Document Type


Journal Title

The Journal of neuroscience : the official journal of the Society for Neuroscience

Publication Date

Winter 12-16-2015




UNLABELLED: Vasoactive intestinal peptide (VIP) mediates a broad range of biological responses by activating two related receptors, VIP receptor 1 and 2 (VIPR1 and VIPR2). Although the use of native VIP facilitates neuroprotection, clinical application of the hormone is limited due to VIP's rapid metabolism and inability to distinguish between VIPR1 and VIPR2 receptors. In addition, activation of both receptors by therapeutics may increase adverse secondary toxicities. Therefore, we developed metabolically stable and receptor-selective agonists for VIPR1 and VIPR2 to improve pharmacokinetic and pharmacodynamic therapeutic end points. Selective agonists were investigated for their abilities to protect mice against MPTP-induced neurodegeneration used to model Parkinson's disease (PD). Survival of tyrosine hydroxylase neurons in the substantia nigra was determined by stereological tests after MPTP intoxication in mice pretreated with either VIPR1 or VIPR2 agonist or after adoptive transfer of splenic cell populations from agonist-treated mice administered to MPTP-intoxicated animals. Treatment with VIPR2 agonist or splenocytes from agonist-treated mice resulted in increased neuronal sparing. Immunohistochemical tests showed that agonist-treated mice displayed reductions in microglial responses, with the most pronounced effects in VIPR2 agonist-treated, MPTP-intoxicated mice. In parallel studies, we observed reductions in proinflammatory cytokine release that included IL-17A, IL-6, and IFN-γ and increases in GM-CSF transcripts in CD4(+) T cells recovered from VIPR2 agonist-treated animals. Moreover, a phenotypic shift of effector to regulatory T cells was observed. These results support the use of VIPR2-selective agonists as neuroprotective agents for PD treatment.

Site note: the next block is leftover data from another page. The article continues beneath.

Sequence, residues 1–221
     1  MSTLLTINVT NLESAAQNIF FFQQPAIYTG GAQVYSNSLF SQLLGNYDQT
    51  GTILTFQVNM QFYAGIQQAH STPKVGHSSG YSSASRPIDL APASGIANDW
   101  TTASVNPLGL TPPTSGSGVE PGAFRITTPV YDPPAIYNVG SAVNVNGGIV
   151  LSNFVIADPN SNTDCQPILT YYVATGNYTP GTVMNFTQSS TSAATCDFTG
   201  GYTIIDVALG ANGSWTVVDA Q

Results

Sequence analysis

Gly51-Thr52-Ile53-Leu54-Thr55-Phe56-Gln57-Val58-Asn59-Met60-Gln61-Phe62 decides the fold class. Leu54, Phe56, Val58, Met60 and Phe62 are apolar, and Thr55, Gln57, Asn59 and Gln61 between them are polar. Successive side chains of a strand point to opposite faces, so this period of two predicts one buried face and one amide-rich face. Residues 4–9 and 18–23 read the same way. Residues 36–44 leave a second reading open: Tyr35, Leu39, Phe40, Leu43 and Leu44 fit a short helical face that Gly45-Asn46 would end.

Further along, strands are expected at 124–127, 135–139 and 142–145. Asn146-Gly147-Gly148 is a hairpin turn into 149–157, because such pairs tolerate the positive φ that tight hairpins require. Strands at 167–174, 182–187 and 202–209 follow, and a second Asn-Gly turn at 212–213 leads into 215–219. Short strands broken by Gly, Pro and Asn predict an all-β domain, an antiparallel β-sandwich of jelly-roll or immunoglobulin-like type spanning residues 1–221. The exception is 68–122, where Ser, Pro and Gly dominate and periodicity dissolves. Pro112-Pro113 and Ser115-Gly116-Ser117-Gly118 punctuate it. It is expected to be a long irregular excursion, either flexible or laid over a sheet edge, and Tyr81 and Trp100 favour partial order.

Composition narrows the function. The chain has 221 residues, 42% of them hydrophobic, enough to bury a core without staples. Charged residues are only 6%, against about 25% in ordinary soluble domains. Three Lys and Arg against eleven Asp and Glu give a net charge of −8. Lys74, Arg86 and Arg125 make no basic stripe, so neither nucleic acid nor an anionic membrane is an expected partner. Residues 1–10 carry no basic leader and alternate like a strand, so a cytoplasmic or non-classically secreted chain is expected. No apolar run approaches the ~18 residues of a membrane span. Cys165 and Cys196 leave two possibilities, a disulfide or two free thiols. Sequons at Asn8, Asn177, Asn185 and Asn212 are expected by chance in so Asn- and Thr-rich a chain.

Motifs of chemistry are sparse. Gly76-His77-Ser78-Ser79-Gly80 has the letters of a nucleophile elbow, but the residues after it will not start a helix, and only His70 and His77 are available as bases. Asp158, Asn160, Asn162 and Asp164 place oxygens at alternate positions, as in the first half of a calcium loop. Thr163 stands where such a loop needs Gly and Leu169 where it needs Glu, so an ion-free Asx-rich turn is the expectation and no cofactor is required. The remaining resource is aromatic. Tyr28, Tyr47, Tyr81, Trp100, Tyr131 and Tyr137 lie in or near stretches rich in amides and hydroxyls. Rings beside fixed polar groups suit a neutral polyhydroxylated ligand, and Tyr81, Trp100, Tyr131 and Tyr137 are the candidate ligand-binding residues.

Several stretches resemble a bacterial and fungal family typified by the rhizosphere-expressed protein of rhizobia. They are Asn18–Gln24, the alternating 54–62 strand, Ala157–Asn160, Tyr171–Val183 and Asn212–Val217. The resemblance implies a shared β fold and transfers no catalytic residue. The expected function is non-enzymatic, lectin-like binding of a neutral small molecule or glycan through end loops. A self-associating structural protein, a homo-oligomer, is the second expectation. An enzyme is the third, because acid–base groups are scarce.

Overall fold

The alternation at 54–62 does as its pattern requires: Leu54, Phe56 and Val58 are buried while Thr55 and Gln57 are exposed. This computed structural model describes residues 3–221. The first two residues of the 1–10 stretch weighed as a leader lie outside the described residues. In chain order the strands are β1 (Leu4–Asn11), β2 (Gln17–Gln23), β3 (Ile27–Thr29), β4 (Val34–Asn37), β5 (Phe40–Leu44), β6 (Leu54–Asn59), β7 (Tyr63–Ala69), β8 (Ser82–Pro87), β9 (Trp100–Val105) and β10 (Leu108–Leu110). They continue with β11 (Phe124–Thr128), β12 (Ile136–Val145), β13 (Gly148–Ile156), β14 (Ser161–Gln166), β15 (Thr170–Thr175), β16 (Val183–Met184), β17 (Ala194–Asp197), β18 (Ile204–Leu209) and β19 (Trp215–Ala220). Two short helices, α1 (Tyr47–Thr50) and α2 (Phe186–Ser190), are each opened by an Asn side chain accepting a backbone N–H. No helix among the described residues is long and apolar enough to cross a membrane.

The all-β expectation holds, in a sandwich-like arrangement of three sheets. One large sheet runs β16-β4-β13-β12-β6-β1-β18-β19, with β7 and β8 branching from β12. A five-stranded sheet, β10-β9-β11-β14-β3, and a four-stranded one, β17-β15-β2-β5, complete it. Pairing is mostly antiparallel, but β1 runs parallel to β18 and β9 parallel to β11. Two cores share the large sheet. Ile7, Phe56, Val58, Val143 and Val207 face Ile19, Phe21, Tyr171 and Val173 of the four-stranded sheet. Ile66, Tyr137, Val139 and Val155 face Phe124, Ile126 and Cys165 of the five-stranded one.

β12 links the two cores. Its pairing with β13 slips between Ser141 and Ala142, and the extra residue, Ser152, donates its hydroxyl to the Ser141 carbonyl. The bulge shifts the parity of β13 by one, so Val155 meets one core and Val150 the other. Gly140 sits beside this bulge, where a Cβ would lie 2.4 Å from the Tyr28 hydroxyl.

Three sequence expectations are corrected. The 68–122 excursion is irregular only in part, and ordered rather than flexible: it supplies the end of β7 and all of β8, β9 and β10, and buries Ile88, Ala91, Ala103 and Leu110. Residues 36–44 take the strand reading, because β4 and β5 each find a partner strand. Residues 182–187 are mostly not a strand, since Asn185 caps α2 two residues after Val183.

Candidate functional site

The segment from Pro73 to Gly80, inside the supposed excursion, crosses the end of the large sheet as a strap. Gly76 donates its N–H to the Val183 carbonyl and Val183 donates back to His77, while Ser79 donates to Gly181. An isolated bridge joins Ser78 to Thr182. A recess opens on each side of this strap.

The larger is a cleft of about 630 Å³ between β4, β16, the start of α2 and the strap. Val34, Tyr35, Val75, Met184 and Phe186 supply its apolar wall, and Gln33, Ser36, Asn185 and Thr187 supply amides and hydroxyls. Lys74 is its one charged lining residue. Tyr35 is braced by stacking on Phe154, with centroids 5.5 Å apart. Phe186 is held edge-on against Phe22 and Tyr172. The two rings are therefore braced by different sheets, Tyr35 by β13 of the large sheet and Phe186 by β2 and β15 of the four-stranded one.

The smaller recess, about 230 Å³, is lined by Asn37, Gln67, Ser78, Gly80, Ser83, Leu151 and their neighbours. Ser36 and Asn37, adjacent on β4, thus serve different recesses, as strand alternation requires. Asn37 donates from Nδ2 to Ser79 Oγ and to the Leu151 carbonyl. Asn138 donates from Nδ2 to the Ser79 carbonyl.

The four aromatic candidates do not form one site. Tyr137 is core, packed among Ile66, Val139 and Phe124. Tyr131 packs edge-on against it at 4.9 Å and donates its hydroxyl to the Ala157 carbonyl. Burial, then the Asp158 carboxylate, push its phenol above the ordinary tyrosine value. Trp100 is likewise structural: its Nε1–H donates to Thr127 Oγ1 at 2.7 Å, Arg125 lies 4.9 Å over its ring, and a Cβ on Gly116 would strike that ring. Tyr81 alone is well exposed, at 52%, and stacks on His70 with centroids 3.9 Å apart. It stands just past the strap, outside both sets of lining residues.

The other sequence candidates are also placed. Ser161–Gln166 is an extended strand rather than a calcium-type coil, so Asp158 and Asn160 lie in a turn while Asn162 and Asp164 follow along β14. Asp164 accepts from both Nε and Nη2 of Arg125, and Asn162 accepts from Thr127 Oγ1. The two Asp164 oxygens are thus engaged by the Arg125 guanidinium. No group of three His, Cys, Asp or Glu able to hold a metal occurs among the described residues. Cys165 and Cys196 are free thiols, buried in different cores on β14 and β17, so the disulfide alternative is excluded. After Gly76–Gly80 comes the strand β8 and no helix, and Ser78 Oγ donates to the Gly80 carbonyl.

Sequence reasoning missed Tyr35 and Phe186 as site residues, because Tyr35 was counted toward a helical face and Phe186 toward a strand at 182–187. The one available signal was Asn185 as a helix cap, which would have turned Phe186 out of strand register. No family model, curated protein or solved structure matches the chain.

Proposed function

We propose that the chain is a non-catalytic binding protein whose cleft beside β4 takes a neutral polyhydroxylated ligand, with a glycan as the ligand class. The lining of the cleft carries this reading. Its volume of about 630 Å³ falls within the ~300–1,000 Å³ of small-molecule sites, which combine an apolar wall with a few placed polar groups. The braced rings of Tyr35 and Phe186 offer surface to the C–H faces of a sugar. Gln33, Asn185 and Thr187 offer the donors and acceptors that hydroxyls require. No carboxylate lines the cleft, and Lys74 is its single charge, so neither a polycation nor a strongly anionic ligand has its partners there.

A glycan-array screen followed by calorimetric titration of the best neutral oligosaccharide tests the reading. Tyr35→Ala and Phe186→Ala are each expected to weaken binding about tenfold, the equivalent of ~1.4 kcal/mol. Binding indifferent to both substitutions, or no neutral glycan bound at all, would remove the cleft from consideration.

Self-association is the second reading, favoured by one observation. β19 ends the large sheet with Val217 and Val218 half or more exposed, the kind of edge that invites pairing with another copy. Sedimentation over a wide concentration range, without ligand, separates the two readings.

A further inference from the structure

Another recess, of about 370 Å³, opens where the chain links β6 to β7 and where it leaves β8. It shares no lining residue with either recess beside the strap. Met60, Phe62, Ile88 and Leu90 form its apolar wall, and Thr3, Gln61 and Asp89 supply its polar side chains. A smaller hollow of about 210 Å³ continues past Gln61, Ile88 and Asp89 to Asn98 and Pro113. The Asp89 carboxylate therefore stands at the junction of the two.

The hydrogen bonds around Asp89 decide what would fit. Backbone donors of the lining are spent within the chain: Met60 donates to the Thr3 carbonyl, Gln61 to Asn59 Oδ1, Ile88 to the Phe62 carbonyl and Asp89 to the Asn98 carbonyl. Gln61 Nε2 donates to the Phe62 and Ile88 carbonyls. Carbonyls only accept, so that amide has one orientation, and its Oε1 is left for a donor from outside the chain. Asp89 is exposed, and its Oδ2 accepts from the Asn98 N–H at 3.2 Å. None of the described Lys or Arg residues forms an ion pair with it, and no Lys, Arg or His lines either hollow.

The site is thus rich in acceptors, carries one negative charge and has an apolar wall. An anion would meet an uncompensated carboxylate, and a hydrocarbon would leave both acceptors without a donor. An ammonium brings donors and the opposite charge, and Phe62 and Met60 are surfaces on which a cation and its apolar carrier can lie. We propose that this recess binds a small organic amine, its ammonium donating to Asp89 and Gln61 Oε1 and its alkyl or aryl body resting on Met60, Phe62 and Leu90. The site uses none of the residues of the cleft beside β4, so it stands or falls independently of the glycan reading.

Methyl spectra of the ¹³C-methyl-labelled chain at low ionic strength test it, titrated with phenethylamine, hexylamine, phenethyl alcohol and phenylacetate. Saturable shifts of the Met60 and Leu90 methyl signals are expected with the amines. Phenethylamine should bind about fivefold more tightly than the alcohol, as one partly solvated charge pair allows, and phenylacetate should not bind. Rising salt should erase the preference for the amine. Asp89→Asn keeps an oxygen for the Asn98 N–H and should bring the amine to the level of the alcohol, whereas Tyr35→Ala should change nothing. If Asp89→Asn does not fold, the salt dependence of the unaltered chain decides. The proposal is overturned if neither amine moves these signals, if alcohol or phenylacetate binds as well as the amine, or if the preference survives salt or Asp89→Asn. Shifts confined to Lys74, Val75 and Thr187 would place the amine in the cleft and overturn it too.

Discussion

SIGNIFICANCE STATEMENT: Vasoactive intestinal peptide receptor 2 can elicit immune transformation in a model of Parkinson's disease (PD). Such immunomodulatory capabilities can lead to neuroprotection by attenuating microglial activation and by slowing degradation of neuronal cell bodies and termini in MPTP-intoxicated mice. The protective mechanism arises from altering a Th1/Th2 immune cytokine response into an anti-inflammatory and neuronal sparing profile. These results are directly applicable for the development of novel PD therapies.

MeSH Headings

Animals, CD4-Positive T-Lymphocytes, CHO Cells, Cell Line, Cricetinae, Cricetulus, Cytokines, Dopaminergic Neurons, Humans, Immunohistochemistry, MPTP Poisoning, Mice, Mice, Inbred C57BL, Microglia, Neuroprotective Agents, Oligopeptides, Receptors, Vasoactive Intestinal Peptide, Receptors, Vasoactive Intestinal Peptide, Type II, Receptors, Vasoactive Intestinal Polypeptide, Type I, Spleen, Substantia Nigra, Tyrosine 3-Monooxygenase



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This work is licensed under a Creative Commons Attribution-Share Alike 3.0 License.